On Saturday, the defending Football League Indoor champion opens the Massachusetts Pirates season

WORCESTER – The Massachusetts Pirates are back.

Back for their fourth season and back to defend their first championship.

The Worcester-based Pirates kick off the 2022 Indoor Football League campaign against the Frisco (Texas) Fighters at 7 p.m. Saturday on the blue and teal turf of Phoenix Field at the DCU Center.

The match will be preceded by a ring distribution and championship banner raising celebration.

“We are thrilled to be doing it again,” said Jawad Yatim, a 2008 graduate of Shrewsbury High, whose many hats include founder, co-owner, chairman and chief executive. “It’s been a very short off-season for us, but I think we’ve adapted well and are ready to go.”

An old athletic adage says that the only thing harder than winning a championship is defending it.

The Pirates went 14-3 last season – their first in the IFL having previously featured in the lower-tier National Arena League – winning their last 11 games on their way to winning the United Bowl.

They’re ready to get the most out of everyone in 16 regular-season games spanning five months before the playoffs begin.

“Our main goal is to win our first championship again,” Yatim said. “That’s how we approach it. We want to win our first championship again. So we take this season as if we had won nothing.

The Pirates return a number of key pieces on defense, including All-IFL selections Toby Johnson (University of Georgia) up front and Harlan Miller (Southeast Louisiana) and Chucky Williams (Louisville) in the backfield .

This unit will be tested in Week 1 as Frisco, one of 15 teams in 12 IFL states from coast to coast, will be led by the former starting quarterback. Alabama, Blake Sims.

Ashburnham's Brandon Diabo plays rock, paper and scissors with Massachusetts Pirates defensive back Khalid Wooten during a recent meet and greet with season ticket holders at the DCU Center.

But indoor football is a game of attack first and, more specifically, passing first – as in first, second and third downs. The Pirates are loaded in that regard, as quarterback Alejandro Bennifield (Tennessee-Chattanooga) and wide receiver Thomas Owens (Florida International) are arguably the IFL’s best past combo.

Bennifield threw for 43 touchdowns last season and was named United Bowl MVP. Owens, a unanimous All-IFL selection, came close to winning the receiving triple crown, leading the league in catches (77) and yards (1,014) and finishing second in touchdowns (27).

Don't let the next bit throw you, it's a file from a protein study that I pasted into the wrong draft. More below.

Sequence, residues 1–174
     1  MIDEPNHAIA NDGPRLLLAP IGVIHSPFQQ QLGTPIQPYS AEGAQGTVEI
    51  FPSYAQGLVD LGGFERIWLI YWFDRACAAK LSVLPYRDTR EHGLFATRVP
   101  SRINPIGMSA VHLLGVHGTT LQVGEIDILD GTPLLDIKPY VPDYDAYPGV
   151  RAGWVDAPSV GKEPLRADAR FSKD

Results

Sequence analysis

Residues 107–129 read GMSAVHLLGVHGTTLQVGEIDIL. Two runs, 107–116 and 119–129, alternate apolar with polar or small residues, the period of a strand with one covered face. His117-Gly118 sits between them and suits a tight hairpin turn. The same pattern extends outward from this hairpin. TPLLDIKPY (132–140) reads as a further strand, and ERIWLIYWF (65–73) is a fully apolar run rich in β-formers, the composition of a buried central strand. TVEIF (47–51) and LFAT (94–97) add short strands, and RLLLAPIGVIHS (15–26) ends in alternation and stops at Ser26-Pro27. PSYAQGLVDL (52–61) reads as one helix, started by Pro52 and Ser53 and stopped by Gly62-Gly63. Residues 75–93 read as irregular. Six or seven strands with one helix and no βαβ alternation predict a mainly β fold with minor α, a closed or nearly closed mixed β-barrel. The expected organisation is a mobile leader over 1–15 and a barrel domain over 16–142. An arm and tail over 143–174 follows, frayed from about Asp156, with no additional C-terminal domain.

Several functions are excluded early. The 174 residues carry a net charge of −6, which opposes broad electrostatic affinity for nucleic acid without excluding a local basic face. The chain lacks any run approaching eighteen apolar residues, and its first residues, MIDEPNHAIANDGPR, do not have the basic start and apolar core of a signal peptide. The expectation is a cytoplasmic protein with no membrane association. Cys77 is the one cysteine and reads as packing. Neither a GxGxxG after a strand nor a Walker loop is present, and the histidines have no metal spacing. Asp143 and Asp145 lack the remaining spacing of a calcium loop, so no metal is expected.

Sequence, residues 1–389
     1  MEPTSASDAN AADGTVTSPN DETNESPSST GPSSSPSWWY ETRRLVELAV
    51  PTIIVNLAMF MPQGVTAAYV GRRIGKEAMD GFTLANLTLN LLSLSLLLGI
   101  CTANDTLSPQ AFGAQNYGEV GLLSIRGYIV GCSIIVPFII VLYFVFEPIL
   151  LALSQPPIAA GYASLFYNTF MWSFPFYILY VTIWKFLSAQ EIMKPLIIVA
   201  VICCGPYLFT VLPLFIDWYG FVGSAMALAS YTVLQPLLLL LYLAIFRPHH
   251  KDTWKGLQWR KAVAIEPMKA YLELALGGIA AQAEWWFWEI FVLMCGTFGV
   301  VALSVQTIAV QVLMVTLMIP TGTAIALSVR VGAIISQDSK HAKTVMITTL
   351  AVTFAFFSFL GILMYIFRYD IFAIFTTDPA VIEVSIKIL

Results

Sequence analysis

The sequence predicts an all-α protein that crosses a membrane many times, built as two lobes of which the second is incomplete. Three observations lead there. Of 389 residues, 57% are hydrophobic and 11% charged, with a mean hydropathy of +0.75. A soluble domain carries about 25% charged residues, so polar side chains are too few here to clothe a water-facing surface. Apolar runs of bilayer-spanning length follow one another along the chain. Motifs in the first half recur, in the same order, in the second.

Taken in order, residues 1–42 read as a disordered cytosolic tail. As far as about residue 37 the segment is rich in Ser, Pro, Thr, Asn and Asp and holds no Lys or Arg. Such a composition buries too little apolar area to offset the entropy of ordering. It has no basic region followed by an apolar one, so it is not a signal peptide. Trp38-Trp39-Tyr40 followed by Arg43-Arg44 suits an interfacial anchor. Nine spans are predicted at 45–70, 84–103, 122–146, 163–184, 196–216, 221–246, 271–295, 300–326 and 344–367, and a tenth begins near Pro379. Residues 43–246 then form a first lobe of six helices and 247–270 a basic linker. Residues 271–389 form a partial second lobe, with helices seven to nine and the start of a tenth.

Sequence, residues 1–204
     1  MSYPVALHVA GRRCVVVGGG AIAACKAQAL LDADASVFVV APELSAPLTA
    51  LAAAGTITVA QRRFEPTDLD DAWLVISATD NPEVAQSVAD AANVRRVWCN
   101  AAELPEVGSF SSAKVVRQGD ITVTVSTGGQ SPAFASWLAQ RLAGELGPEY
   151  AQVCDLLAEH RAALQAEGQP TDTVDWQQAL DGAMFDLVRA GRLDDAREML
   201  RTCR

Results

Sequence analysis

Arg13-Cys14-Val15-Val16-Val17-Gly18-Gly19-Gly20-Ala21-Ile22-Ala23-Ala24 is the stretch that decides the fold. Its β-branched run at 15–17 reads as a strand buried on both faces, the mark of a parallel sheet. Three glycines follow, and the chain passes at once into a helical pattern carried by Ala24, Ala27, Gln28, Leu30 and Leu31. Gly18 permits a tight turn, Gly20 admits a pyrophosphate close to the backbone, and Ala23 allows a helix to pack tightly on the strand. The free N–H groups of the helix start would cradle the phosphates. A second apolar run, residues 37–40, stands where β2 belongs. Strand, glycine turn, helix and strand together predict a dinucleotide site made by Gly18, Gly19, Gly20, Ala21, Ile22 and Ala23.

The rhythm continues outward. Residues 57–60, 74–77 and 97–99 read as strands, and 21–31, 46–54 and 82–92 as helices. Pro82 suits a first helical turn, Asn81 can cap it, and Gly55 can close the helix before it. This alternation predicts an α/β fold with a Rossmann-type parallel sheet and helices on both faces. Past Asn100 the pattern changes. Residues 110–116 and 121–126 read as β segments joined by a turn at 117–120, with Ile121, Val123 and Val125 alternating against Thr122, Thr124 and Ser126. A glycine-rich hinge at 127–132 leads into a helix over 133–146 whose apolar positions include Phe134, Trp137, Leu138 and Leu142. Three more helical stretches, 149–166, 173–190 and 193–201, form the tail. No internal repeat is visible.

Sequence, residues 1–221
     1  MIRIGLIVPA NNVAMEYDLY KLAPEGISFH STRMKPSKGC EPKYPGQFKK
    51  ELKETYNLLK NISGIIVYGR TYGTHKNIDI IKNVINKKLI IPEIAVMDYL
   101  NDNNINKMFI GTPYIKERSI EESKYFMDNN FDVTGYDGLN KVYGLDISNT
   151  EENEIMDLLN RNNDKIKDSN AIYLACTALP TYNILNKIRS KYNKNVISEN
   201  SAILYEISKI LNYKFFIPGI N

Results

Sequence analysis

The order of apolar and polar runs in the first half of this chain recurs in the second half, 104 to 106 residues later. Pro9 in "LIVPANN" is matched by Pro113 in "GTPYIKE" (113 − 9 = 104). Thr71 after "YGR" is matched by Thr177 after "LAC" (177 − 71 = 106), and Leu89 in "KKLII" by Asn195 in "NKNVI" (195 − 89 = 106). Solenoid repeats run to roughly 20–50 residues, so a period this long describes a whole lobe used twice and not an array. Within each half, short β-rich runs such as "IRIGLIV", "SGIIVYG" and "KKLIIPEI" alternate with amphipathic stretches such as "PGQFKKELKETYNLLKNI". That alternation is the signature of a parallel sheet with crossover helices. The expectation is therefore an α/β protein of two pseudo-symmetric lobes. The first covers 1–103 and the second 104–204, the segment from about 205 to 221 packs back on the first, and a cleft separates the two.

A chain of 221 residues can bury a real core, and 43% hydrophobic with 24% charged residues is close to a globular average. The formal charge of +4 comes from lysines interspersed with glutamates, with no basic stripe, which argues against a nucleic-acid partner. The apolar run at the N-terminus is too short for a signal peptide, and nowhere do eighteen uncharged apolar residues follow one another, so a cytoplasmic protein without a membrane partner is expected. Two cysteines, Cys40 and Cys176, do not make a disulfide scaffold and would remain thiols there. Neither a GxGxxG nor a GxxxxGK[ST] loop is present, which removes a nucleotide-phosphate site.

“Having them back is huge,” Yatim said. “That’s the best 1-2 punch in the league, hands down. … Some big plays that were made last year were between those two.

“They both work extremely hard, take their jobs seriously and their confidence is at a high level. We expect to see all of that translate to the pitch again this season.

Five interesting and eventful years have passed since the Pirates made their debut in 2018.

They went a combined 33-16 their first two seasons while earning a pair of playoff invites. Then they left NAL for the IFL, only to see the 2020 season canceled due to the pandemic.

Indoor football resumed at Worcester last year. Before winning the league title, the Pirates went on a season-opening road trip that took them from Kentucky to North Dakota to Wisconsin, where they were caught up in a mass shooting the day before the game.

“I feel like we’re pretty stretched organizationally,” Yatim said.

The Pirates, who are on the second of a three-year tenure with the DCU Center, have persevered and endured, having outlived their two indoor football predecessors in New England’s second-largest city.

The Masses. Marauders folded after one season, in 1994. The New England Surge went through the 2007 and 2008 seasons before quitting.

New Massachusetts Pirates coach Rayshaun Kizer talks to fans at the team's recent meeting for season ticket holders at the DCU Center.

“We expected to be here at this time,” Yatim said. “Maybe not everyone did it, but we did it. It wasn’t easy, man. We worked really hard, really.

“It’s not an easy sell, but the positive thing is that everything is growing exponentially for us. It’s just to speed up that process.

The Pirates have fielded a championship-caliber team every year, but they’re still working diligently to build a bigger fan base. This is typical of most professional youth sports teams.

“The reviews are good,” Yatim said. “When people go to the game, they leave a good review, they have fun. And that’s what’s important. Obviously, we also want to win ball games.

“We’re just going to keep doing what we’re doing. Try to grow our fanbase and following. Just keep pushing.

More information, including schedules and ticket information, can be found at masspiratesfootball.com.

—Contact Rich Garven at [email protected] Follow him on Twitter @RichGarventTG.

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